- Avoid inflammatory foods: Foods that are hard on the digestive system or cause irritation should be avoided. In other words, a mild diet is probably a good bet.
- Balance your carbs and proteins: Simple sugars are produced when carbohydrates are consumed, and this increases the amount of insulin in your blood. Proteins, on the other hand, releases glucagon which regulates the level of insulin in the body. Keeping your blood sugar and insulin in control will help you cope with Meniere’s.
- Avoid food additives: Things like aspartame or other sugar substitutes and MSG have been shown to encourage the symptoms of Meniere’s disease.
- Keep well hydrated: Does it sound counterintuitive to drink a lot of water when fluid buildup is one of the main problems of Meniere’s? Not if the cause of the fluid is a virus, bacteria, or pathogen in your system. Drinking lots of water helps keep the water balanced in your body by removing excess salts and toxins through urination.
- Manage your stress levels: When you undergo stress and anxiety, certain hormones are released that can trigger Meniere’s disease. Stress relieving activities or seeking professional care for your stress can help.
- Avoid nicotine and caffeine: These substances are both stimulating and can intensify the symptoms of Meniere’s. They can both extend the duration of your hearing loss, make vertigo worse, and make tinnitus louder. Avoid these if at all possible.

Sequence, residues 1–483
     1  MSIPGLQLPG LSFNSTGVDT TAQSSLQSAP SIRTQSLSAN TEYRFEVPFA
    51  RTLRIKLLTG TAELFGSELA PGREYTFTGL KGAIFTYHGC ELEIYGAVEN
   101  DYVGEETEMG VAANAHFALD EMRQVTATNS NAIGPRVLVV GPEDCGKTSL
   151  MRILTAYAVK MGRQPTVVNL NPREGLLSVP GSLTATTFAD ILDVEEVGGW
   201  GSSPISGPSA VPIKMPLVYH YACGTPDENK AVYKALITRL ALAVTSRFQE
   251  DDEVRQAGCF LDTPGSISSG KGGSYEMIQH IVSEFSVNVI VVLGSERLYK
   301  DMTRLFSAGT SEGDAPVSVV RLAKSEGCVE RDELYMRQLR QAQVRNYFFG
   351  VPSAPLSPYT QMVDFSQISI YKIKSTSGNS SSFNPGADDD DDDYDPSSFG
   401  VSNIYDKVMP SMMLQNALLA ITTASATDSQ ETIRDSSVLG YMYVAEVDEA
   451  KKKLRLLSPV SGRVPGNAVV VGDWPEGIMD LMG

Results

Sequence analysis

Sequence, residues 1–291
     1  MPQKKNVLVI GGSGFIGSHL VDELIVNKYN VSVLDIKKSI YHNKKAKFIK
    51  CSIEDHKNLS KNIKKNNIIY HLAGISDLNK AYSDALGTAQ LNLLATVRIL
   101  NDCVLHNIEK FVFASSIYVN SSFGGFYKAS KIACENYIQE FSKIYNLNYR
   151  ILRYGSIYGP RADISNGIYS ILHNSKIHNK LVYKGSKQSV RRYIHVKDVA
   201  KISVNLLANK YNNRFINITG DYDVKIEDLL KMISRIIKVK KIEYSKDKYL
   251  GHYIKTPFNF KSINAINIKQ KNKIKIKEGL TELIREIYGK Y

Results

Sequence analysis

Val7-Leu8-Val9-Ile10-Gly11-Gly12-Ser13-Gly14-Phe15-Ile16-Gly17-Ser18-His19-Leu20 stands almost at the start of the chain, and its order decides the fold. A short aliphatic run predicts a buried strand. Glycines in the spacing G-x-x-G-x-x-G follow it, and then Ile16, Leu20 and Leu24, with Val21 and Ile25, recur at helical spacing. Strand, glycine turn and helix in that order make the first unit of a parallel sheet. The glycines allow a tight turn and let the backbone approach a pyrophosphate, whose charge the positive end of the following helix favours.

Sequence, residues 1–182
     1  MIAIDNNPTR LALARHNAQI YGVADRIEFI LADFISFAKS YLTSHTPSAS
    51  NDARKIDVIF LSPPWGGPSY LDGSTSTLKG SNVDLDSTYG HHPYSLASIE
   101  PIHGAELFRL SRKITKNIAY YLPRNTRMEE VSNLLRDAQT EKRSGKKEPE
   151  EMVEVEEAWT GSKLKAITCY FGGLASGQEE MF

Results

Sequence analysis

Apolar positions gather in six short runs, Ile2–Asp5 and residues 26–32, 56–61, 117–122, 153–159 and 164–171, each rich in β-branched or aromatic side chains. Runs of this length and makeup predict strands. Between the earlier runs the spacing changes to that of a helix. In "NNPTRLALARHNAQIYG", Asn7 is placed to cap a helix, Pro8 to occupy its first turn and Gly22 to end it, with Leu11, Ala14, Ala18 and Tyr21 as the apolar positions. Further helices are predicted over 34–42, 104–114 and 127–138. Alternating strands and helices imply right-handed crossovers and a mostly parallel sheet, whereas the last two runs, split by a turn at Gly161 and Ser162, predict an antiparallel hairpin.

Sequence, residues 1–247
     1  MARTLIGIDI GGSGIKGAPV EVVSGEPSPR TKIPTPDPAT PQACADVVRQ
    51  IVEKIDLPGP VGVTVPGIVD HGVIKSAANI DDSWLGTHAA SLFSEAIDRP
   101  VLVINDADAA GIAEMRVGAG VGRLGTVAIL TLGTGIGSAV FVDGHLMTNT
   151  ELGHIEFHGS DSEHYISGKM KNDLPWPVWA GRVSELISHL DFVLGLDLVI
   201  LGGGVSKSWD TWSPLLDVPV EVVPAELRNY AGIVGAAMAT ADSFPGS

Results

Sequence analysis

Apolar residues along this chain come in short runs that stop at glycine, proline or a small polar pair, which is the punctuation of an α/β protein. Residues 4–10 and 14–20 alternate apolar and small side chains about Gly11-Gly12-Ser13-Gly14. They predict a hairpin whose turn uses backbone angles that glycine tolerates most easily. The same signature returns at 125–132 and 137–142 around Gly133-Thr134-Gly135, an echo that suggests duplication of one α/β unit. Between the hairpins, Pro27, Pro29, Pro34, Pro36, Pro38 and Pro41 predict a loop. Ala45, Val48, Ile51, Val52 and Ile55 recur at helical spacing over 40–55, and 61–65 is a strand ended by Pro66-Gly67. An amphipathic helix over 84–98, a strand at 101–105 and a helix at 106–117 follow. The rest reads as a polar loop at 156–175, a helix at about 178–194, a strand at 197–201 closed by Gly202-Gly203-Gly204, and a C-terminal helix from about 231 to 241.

Natural Relief for Meniere’s Disease
An interesting connection has been seen between Meniere’s disease and misalignments in the bones of the upper neck. A study was able to link 259 patients with Meniere’s to issues that were resulting from the upper cervical spine. Another study of 139 people with Meniere’s proved that upper cervical chiropractic care can reduce or even eliminate some of the symptoms associated with Meniere’s, particularly vertigo. How is this possible?
The bones of the upper neck have an intricate relationship with the brain, the nervous system, and the ears. They are also very susceptible to misalignment because of their location and mobility. They allow the head to move in all directions, and this causes them to be more easily misaligned. When a misalignment exists here, it puts pressure or stress on the brainstem as it is located in the same region. This can affect a number of different things. The brainstem is the communication highway of the body. It sends and receives signals from the body and brain. If it is malfunctioning, it can send improper signals. This can affect how fluid drains from the ears, the onset of vertigo, and hearing loss. By correcting this misalignment, the body can begin to heal from the damage done.
Using a gentle method, here at Lazar Spinal Care in Ann Arbor, Michigan, we are able to help correct these small misalignments, and this has a huge impact on our patient’s overall health. Many patients report similar results as those mentioned above.
To schedule a complimentary consultation call our Ann Arbor office at 734-274-5107 You can also click the button below.
if you are outside of the local area you can find an Upper Cervical Doctor near you at www.uppercervicalawareness.com.